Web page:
Session Title: Vasculitis - Poster II: ANCA-Associated Vasculitis
Session Type: ACR Poster Session B
Session Time: 9:00AM-11:00AM
Background/Purpose: ANCA-associated vasculitis (AAV) treatment includes high dose glucocorticoids (GCs), which are associated with increased body-mass index (BMI), a complication abhorred by patients and associated with increased risk of metabolic and cardiovascular complications. A prior study found increased BMI to be independent of GC exposure for AAV (Arthritis Care Res 2008;59:746). The ability to classify BMI change as an adverse event related to GC exposure or a positive outcome reflecting improved disease activity is critical in studies investigating steroid-sparing strategies. We evaluated this further by investigating the complex relationship between BMI, GC exposure, and disease activity.
Methods: We analyzed patients enrolled in the Rituximab in ANCA-Associated Vasculitis (RAVE) trial. First, we replicated the methods used by the prior study by performing a multivariate linear regression to investigate the relationship between GC exposure (prednisone equivalent) and BMI changes while adjusting for age, sex, baseline BMI and creatinine, GC exposure prior to baseline, disease status (new diagnosis versus flaring), ANCA subtype (PR3- or MPO-ANCA+), randomization arm, and flare during the study. Second, we used mixed effects regression models to determine the time-varying relationship between the cumulative moving average of disease activity and BMI as well as cumulative GC exposure during induction treatment (the first 6 months of the trial) when accounting for confounders. Third, we used the same methods to assess the relationship between BMI and quality of life (QOL), as measured by SF36 scores.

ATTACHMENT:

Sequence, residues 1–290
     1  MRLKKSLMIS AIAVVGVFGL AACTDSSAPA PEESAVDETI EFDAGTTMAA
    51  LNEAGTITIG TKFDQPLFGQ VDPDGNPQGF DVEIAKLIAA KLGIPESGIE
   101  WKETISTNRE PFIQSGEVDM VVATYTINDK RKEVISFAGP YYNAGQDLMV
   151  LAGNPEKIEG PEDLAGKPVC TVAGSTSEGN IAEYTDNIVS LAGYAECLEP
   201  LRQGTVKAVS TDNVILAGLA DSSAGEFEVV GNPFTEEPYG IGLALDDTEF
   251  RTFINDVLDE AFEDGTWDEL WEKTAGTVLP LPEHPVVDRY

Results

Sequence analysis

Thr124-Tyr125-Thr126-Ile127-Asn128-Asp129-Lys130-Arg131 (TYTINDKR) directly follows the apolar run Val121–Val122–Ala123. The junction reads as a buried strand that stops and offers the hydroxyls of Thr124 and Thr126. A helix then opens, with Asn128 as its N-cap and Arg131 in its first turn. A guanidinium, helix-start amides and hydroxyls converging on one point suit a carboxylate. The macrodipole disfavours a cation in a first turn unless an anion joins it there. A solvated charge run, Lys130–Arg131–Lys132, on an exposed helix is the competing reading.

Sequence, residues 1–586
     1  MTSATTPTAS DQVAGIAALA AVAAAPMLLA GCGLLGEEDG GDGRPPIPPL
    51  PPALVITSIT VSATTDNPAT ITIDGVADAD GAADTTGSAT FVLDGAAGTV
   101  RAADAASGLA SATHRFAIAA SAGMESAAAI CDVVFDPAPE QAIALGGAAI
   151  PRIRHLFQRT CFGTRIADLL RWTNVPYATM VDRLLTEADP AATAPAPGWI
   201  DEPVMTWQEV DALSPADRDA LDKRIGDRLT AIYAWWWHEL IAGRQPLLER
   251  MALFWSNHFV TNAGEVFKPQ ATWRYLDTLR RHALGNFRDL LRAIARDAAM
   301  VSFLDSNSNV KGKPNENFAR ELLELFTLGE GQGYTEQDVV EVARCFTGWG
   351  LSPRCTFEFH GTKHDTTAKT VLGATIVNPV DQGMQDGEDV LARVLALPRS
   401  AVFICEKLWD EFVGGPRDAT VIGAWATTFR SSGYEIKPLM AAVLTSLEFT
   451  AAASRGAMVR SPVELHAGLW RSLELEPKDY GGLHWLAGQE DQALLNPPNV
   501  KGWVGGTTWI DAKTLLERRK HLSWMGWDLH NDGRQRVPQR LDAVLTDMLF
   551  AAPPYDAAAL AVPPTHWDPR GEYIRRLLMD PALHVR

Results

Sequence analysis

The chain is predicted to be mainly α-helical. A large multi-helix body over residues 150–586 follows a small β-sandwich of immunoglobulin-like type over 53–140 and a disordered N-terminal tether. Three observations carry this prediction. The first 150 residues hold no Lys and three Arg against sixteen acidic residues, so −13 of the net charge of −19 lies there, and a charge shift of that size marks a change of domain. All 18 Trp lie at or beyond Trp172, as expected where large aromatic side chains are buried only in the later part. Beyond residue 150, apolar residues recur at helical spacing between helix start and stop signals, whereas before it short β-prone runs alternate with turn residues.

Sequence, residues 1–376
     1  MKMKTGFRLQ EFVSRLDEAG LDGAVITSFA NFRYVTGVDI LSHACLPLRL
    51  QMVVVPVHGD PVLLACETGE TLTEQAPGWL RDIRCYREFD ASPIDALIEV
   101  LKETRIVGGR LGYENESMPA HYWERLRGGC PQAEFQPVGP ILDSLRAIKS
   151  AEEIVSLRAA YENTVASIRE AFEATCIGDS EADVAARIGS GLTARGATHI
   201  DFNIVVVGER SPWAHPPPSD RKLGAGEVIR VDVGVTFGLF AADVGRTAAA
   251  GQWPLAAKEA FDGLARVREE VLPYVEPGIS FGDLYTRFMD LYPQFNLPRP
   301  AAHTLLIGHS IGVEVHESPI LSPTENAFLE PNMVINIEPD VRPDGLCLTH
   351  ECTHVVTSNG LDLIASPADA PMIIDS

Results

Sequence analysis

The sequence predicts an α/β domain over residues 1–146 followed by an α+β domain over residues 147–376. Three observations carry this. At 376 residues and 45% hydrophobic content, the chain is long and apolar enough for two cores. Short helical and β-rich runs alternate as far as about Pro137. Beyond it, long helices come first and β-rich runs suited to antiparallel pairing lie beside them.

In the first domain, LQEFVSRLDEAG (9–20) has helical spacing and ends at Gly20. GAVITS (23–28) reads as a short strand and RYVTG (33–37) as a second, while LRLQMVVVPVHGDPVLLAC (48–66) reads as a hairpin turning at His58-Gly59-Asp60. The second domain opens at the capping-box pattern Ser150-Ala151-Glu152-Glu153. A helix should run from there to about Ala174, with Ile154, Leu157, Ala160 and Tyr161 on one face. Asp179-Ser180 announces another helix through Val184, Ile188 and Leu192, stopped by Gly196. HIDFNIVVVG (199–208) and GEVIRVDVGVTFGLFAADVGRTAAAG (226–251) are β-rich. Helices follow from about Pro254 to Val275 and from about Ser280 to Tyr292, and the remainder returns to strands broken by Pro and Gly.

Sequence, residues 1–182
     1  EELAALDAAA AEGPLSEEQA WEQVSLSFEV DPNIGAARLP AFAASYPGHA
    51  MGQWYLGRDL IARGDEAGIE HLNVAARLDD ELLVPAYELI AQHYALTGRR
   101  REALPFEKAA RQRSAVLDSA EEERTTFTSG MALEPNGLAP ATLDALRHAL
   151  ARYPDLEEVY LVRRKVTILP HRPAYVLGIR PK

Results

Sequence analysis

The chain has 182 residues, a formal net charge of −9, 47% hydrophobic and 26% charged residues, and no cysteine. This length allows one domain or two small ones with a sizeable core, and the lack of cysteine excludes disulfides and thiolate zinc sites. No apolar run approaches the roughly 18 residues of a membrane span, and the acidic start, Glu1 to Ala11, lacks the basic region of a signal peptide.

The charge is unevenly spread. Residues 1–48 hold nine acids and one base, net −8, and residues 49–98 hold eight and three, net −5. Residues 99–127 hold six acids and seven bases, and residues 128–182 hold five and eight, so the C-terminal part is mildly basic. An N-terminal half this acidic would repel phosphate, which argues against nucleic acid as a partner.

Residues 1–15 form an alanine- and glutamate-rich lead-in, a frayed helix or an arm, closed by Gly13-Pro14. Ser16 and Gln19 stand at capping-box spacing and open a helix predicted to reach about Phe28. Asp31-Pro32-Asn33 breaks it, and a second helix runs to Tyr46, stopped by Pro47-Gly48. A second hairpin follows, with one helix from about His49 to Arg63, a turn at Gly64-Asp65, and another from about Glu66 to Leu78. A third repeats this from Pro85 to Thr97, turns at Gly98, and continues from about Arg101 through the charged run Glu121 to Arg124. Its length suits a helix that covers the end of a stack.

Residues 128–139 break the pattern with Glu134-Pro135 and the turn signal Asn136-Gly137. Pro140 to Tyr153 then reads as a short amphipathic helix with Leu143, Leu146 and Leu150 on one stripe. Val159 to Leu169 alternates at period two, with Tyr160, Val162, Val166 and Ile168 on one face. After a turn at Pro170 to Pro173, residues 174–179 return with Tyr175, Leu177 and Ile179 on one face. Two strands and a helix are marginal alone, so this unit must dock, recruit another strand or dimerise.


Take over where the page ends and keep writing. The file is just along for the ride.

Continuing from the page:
Results: In RAVE (N=197), 99 (50%) patients were male, the mean age was 52.8 (±15.5) years, and the mean baseline BVAS/WG was 8.0 (±3.1). The majority were PR3-ANCA+ (67%). The baseline BMI was 28.8 (±6.3) and the largest BMI change occurred during induction (+1.1 (±2.2) kg/m2, P<0.0001). During RAVE, the mean cumulative GC dose was 5,038mg (±2,638), most administered in the first 6 months. In fully adjusted multivariate linear regression models, there was no association between GC exposure and change in BMI at 6, 12, and 18 months (P>0.3 for all analyses). However, in fully adjusted mixed-effects models, both cumulative GC exposure and moving averages of BVAS/WG were associated with BMI change in opposing directions [+0.2kg/m2 per 1gm GC (±0.04) and -0.1 per BVAS/WG point (±0.02), both P<0.001]; randomization to rituximab was associated with increased BMI [+0.7 (±0.2) P<0.0001]. Increasing BMI was associated with worse QOL in every SF 36 domain (P<0.03 for all analyses).
Conclusion: During AAV induction, increased BMI was associated with increased GC exposure but also improved disease control and randomization to rituximab. These observations raises important questions regarding whether increased BMI should be classified as an adverse event related to GC therapy as BMI increases may actually indicate effective disease control whereas decreased BMI may augur poorly for long-term disease control. The observed association between rituximab and increased BMI deserves additional evaluation.
To cite this abstract in AMA style:Wallace Z, Miloslavsky E, Unizony SH, Lu N, Hoffman GS, Kallenberg CGM, Langford CA, Merkel PA, Monach PA, Seo P, Spiera RF, St.Clair EW, Bruntetta P, Cascino M, Choi HK, Stone JH. Disease Activity, Glucocorticoid Exposure, and Rituximab Determine Body Composition Changes during Induction Treatment of ANCA-Associated Vasculitis [abstract]. Arthritis Rheumatol. 2016; 68 (suppl 10). https://acrabstracts.org/abstract/disease-activity-glucocorticoid-exposure-and-rituximab-determine-body-composition-changes-during-induction-treatment-of-anca-associated-vasculitis/. Accessed August 4, 2021.
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